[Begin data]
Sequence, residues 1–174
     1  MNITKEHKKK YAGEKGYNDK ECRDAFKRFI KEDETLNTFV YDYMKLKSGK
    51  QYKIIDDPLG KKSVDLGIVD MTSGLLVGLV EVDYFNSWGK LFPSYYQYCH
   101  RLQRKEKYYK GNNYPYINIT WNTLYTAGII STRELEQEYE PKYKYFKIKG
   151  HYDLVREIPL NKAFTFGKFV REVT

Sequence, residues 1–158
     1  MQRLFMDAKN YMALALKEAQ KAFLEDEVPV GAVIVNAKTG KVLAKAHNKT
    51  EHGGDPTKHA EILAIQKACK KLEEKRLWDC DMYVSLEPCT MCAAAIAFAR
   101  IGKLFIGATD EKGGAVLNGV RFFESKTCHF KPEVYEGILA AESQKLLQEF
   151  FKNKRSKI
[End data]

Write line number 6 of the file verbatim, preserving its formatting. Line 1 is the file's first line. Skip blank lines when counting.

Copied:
Sequence, residues 1–158